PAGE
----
Short Conversation With JG Thirlwell

JG Thirlwell has been one of my favorite artists for many years. He is unveiling a program of string quartets this Sunday August 9, 2015 here in New York at the Noguchi Museum (info below).
08/06/2015 03:39 pm ET Updated Dec 06, 2017

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JG Thirlwell photo by Marylene Mey

JG Thirlwell has been one of my favorite artists for many years. He is unveiling a program of string quartets this Sunday August 9, 2015 here in New York at the Noguchi Museum (info below). I thought I would use this opportunity to catch up with him and ask him a few questions about it.

MLN: As I've told you before, I've admired your work for sometime and am looking forward to Sunday's performance. I have no idea what to expect you to do with a string quartet. Can you tell me a little about these pieces? How they came about?

JGT: I was invited to perform at the Noguchi Museum by Bang On A Can for a series they present there and proposed that I present a program of string quartets. I've written a new piece called Narcolepsy for the concert, and that will premiere on Sunday. It's pretty intense. There are some pieces that I adapted for string quartet from the repertoire of my chamber ensemble Manorexia, and there will be a New York premiere of a piece called Hydrophobia, which I presented for the first time in Austin last year at New Media Art and Sound Summit Festival. The whole set is solely performed by the quartet but on the final piece of the program I join the quartet and slowly process the strings electronically.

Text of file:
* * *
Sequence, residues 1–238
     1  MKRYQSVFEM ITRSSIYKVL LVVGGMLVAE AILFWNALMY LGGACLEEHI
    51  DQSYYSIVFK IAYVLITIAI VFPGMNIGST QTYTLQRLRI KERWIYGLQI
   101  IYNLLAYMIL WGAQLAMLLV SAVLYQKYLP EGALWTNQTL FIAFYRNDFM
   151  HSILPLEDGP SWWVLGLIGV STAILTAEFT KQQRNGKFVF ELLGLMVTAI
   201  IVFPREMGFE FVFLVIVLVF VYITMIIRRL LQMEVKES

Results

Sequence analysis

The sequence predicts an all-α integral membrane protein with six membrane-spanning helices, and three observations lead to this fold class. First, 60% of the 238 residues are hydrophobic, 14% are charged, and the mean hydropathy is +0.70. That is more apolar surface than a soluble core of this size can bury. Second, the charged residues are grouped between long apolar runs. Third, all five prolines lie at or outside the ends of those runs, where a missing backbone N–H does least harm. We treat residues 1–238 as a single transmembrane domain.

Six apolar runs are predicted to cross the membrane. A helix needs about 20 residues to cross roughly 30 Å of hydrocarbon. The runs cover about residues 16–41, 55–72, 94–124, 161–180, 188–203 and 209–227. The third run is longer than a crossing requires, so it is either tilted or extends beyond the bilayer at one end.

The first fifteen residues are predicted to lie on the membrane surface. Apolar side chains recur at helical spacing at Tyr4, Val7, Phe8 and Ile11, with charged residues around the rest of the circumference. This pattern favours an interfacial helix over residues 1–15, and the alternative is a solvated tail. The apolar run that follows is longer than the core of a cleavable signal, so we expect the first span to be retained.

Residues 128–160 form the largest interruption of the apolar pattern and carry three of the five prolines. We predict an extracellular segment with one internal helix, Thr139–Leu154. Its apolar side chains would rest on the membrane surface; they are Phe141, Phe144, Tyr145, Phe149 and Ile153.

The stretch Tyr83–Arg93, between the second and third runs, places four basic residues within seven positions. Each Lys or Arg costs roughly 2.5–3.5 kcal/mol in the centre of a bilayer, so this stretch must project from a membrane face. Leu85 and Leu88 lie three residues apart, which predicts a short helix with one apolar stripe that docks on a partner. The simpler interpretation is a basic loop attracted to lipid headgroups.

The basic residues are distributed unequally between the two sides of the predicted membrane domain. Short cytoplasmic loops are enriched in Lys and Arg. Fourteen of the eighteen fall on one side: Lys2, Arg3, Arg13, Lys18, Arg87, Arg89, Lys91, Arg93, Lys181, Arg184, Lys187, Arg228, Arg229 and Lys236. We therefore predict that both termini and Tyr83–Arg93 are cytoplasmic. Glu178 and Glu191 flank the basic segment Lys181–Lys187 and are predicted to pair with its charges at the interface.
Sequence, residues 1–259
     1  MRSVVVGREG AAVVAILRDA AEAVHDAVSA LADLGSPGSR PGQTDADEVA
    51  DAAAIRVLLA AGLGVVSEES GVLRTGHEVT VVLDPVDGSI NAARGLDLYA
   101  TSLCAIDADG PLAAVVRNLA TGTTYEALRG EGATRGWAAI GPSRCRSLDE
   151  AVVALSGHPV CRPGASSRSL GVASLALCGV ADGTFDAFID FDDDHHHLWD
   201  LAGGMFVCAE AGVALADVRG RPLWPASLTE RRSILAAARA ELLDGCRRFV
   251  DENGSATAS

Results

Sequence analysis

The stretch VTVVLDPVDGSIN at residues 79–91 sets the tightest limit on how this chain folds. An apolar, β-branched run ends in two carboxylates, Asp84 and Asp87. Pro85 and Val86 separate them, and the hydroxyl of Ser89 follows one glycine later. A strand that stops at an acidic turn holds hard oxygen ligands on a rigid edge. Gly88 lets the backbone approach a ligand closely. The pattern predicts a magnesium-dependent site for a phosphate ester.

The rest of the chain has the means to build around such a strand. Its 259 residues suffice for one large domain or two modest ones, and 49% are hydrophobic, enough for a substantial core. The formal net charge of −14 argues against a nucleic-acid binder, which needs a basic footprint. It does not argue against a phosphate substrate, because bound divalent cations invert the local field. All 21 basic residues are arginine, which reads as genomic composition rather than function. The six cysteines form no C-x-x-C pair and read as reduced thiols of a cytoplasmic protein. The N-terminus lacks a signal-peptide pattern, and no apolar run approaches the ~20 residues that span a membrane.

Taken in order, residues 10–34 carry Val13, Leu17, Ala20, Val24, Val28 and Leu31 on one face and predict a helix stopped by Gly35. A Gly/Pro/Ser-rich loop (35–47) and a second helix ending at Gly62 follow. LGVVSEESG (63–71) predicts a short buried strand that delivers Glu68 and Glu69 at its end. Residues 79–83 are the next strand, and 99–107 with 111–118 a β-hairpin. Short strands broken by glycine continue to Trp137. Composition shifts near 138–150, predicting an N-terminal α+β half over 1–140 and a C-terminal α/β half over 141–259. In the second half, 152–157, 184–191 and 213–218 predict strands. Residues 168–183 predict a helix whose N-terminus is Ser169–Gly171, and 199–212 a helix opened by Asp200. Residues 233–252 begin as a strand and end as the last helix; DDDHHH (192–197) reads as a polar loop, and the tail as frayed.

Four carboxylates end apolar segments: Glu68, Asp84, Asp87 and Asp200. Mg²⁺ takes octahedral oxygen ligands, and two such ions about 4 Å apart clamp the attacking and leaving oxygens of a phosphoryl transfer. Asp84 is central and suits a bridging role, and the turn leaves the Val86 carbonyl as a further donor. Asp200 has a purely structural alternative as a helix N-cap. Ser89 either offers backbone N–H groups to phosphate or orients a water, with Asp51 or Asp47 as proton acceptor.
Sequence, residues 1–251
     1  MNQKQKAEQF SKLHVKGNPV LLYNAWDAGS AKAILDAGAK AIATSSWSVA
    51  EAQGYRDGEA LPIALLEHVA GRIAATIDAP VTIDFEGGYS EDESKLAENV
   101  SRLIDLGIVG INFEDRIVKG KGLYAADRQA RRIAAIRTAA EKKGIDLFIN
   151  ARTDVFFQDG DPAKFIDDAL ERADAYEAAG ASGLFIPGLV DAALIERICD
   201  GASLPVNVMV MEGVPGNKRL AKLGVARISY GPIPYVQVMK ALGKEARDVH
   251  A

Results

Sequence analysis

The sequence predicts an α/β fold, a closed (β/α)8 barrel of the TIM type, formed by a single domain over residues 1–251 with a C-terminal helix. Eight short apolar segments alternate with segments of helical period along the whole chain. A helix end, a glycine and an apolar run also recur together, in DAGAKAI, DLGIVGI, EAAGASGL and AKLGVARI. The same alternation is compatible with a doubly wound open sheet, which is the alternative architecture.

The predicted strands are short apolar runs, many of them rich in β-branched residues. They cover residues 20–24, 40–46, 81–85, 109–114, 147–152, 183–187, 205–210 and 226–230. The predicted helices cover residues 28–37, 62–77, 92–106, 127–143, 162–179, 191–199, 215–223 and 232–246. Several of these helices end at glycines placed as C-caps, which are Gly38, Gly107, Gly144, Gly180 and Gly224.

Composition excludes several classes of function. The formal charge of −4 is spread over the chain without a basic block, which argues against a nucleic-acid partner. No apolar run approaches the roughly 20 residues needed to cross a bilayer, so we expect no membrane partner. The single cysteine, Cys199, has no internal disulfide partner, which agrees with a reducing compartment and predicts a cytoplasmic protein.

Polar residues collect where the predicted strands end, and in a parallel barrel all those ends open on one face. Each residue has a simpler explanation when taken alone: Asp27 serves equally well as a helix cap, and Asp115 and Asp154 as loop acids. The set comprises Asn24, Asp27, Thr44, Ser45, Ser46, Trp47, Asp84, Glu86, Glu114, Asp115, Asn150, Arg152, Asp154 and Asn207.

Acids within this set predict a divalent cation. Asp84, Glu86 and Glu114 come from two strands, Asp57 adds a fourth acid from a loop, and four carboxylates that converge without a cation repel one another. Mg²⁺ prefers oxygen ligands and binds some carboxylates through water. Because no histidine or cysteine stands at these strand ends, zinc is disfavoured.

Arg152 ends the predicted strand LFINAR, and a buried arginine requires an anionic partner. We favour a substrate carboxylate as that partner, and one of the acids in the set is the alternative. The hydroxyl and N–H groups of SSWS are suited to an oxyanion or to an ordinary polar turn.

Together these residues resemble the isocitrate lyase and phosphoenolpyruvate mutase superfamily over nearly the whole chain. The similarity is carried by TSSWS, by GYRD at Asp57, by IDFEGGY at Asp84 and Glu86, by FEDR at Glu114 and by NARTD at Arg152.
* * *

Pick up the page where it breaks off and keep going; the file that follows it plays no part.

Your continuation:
MLN: Your work always seemed to have a wide cinematic approach going back to the very beginning of your career. Do you see these compositional works as an extension or connected to your film score work?

JGT: You could say there's a cinematic feel to lot of my music but I don't think this is really an extension of my scoring. If I am writing for string quartet I write with those instruments in mind, whereas with writing for Venture Bros for example, I have an unlimited palette of instruments, and I am scoring to picture so there are some set parameters, following the images and story on the screen and responding dynamically. There's creative problem solving. I've written three pieces for Kronos Quartet (none of which we are playing on Sunday) and I think for me there's a great deal to explore with that combination of instruments

MLN: Can you tell me a little bit about the musicians who will be performing the piece?

JGT: Elena Moon Park has been performing with me since 2007; she's played in Manorexia and also in my Steroid Maximus large ensemble project at the Celebrate Brooklyn Festival a few years back and various other things. She also played in one of the quartets I assembled for a project with Zola Jesus a while back, where I adapted ZJ's work for string quartet. Elena is also a big part of the collective Found Sound Nation. I also worked with cellist Clara Kennedy on that Zola Jesus project and we've been friends for a while, she plays with tons of people. They recommended Isabel Hagen who is an incredible violist. I met Adrianna Mateo at the Bang On A Can Marathon a few years back where she was performing solo, and we'd kept in touch, and I asked her to play on this project. I know she also works closely with Face The Music at Kaufman Center and is solo artist in her own right, along with playing repertoire all over.

Info:
Artists at Noguchi | Bang on a Can Music Series with JG Thirlwell
Sunday, August 9, 2015 - 3:00pm - 4:00pm
Noguchi Museum
9-01 33rd Road (at Vernon Boulevard), Long Island City, NY 11106
p: 718.204.7088